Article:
China will show off some of its new warships — including nuclear submarines and destroyers — for the first time during a massive maritime parade marking the 70th anniversary of the Chinese Navy on Tuesday.
A total of 32 Chinese vessels and 39 aircraft will take part in the parade near the eastern port city of Qingdao, the state-run Global Times quoted Vice Adm. Qiu Yanpeng, deputy commander of the People’s Liberation Army Navy, as saying at a news conference Saturday.
“The PLA Navy ship and aircraft to be revealed are the Liaoning aircraft carrier, new types of nuclear submarines, new types of destroyers, as well as fighter aircraft,” Qiu said without elaborating. “Some vessels will make their public debut.”
The fleet review is the latest example of military muscle-flexing by China, which has made building up its navy a top priority as it seeks to punch further into the Western Pacific and bolster its presence in the South and East China seas and near Taiwan.
Chinese President Xi Jinping, who has overseen a massive military buildup, is expected to preside over the fleet review, which comes on the heels of a similar maritime parade last year in the disputed South China Sea that featured a total of 48 vessels and 76 planes, including the Liaoning, China’s first aircraft carrier, as well as nuclear submarines, guided-missile destroyers and fighter jets.
It was not immediately clear if the country’s second carrier — its first domestically constructed — would also take part, though state media has played up stories about recent sea trials.
The Global Times, citing an unidentified expert, said the new nuclear-powered submarine could be the Type 095 attack submarine, a new model of the Type 094 ballistic missile submarine or a new model of the Type 093 attack submarine. The expert said the new destroyer was “very likely” China’s first 10,000 ton-class destroyer, the Type 055.
Qiu said more than 10 countries, including Japan, will take part in the fleet review. China has said the parade would also include ships from Russia, Singapore, India, Thailand and Vietnam — which has sparred with Beijing over their claims in the South China Sea.
Defense Minister Takeshi Iwakya said last month that the Maritime Self-Defense Force would send a destroyer to visit from April 21 to 26, the first visit to the country by an MSDF vessel in seven years — amid thawing Sino-Japanese ties.
While Qiu has also said that while more than 60 countries will send naval delegations, with more than 30 of them featuring major naval leaders, the U.S. is not sending any vessels or top officials. Instead, the Pentagon has said the U.S. Embassy’s defense attache office in Beijing will represent the United States at the events to be held between Monday and Thursday.
The Chinese Navy, which has faced growing international scrutiny over its moves in contested waters and elsewhere in recent years, is using this year’s anniversary to reach out to its counterparts across the globe to present a friendlier image.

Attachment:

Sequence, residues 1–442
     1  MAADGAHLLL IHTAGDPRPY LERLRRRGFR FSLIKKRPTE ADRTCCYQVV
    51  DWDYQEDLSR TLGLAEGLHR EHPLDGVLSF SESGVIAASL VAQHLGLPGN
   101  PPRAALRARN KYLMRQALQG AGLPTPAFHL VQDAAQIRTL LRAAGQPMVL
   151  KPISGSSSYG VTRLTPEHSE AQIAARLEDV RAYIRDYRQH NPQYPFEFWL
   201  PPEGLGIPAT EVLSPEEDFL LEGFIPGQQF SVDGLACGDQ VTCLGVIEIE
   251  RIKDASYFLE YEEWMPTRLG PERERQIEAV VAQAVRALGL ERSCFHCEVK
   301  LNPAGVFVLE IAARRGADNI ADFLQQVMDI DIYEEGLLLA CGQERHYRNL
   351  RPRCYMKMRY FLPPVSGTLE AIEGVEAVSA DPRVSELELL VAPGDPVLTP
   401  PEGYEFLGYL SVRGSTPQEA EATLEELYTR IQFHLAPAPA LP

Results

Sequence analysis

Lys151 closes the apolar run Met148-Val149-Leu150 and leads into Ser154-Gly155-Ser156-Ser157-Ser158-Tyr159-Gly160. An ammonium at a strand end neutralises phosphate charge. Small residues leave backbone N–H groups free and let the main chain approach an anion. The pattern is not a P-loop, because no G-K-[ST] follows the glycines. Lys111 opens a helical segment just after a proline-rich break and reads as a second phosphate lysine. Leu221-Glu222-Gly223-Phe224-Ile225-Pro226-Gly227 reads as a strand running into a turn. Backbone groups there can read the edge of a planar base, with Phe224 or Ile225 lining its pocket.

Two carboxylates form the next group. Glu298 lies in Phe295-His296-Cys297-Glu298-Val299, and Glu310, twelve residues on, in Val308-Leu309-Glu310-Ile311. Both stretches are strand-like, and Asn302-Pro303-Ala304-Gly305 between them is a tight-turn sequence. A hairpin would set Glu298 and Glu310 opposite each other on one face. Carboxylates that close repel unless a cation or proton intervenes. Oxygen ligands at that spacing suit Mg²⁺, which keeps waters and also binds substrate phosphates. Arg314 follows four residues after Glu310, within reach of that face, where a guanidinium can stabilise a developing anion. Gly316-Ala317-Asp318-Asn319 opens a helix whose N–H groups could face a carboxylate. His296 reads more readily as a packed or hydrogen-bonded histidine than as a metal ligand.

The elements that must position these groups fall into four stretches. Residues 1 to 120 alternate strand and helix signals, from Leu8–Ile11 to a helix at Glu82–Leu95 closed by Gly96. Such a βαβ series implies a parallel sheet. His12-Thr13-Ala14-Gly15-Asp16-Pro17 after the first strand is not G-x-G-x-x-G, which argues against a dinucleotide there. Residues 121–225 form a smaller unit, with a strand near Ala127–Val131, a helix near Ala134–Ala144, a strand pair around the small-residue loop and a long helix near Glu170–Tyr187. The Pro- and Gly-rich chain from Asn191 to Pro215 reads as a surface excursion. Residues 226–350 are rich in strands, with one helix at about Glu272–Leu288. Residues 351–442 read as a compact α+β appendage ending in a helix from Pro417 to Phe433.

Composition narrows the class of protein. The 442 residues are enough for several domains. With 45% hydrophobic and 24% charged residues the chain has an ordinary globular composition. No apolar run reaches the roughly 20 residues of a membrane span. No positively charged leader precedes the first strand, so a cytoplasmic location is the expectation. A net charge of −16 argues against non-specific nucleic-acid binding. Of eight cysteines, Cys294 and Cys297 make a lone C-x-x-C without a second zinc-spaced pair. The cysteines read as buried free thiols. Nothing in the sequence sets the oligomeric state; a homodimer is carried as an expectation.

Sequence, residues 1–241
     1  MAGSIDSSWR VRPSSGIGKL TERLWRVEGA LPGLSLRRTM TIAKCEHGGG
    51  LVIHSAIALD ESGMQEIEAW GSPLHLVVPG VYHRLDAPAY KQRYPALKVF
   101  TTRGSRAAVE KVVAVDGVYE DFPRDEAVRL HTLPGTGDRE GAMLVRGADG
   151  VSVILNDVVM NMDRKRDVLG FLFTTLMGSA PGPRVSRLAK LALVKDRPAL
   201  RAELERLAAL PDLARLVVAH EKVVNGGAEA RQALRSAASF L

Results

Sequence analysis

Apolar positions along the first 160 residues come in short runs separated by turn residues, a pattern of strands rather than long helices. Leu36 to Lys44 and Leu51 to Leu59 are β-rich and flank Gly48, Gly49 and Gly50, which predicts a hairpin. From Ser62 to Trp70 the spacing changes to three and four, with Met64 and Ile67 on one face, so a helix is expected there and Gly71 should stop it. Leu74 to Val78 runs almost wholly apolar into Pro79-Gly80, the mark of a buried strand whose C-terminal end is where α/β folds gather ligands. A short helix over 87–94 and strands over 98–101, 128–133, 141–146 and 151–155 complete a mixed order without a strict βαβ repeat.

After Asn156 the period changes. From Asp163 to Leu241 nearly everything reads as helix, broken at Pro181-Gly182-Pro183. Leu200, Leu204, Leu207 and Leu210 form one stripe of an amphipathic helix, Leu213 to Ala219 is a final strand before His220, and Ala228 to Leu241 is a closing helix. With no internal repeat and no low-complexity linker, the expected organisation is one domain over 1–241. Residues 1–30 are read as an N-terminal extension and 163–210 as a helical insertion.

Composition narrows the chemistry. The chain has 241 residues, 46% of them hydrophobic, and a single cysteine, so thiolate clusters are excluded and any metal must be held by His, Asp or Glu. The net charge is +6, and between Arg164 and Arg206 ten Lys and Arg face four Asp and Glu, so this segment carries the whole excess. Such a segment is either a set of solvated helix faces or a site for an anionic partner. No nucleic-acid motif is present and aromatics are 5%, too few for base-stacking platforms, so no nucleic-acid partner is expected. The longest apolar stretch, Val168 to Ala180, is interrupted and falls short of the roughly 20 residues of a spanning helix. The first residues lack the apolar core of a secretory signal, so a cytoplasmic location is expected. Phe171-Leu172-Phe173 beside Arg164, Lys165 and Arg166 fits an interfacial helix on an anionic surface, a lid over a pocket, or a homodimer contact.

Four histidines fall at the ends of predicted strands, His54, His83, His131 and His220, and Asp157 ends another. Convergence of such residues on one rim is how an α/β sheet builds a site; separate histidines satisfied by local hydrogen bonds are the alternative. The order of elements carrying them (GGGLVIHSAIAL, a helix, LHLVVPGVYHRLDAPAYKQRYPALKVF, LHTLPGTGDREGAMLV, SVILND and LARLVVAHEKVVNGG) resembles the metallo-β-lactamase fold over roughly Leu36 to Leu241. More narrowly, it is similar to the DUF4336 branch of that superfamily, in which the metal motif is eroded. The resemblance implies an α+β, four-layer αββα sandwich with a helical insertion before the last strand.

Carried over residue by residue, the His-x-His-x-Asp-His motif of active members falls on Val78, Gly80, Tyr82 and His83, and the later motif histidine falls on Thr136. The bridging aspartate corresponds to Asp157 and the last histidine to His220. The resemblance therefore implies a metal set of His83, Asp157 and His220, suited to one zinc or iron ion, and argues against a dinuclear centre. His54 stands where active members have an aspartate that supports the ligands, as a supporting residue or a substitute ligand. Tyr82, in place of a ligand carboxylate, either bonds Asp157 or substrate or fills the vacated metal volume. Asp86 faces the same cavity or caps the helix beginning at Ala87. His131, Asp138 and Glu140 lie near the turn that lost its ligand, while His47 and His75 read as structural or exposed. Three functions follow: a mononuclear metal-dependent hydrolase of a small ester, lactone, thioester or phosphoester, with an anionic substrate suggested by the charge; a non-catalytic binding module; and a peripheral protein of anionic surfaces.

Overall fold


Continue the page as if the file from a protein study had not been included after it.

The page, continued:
On Saturday, Qiu reiterated Beijing’s stance that its armed forces are not a threat to anyone and that it will never “pursue hegemony.” Still, he said, China’s past history of invasions pointed to its need for a strong defense at sea.
“A strong navy is essential for building a strong maritime country,” Qiu said.
But the U.S. snub, apparently made out of concerns that China could have used the presence of American warships to bolster its international standing, could put something of a damper on any propaganda victory by Beijing.
The U.S. decision comes amid a ramped-up pace of so-called freedom of navigation operations (FONOPs) by American warships and aircraft in and over the disputed South China Sea.
It also comes less than a year after the Pentagon announced last May that it was disinviting the Chinese Navy from taking part in Rim of the Pacific (RIMPAC) drills — the world’s largest naval exercise. That announcement specifically pointed to China’s militarization of islands in the South China Sea as a reason for the cancelation. A month earlier, China deployed the first advanced anti-ship and anti-aircraft missiles to some of its fortified islets in the waterway’s Spratly chain.
Beijing has built up a series of military outposts in the South China Sea, which includes vital sea lanes through which about $3 trillion in global trade passes each year.
Washington and Beijing have frequently jousted over the militarization of the South China Sea, where China, Taiwan, Vietnam, Malaysia, Brunei and the Philippines all have competing claims.
The U.S. does not maintain any claims there, but says its FONOPs are conducted globally with the aim of promoting freedom of navigation.
U.S. Indo-Pacific Command chief Adm. Philip Davidson said last month that the United States has observed a rise in Chinese military activity in the South China Sea area over the last year.
Davidson declined to quantify the increased activity — nor would he say whether the number of FONOPs will increase or remain stable.
“It’s building, it’s not reducing in any sense of the word,” Davidson was quoted as saying in Singapore on March 7 when asked about China’s military activities in the waterway. “There has been more activity with ships, fighters and bombers over the last year than in previous years, absolutely.”
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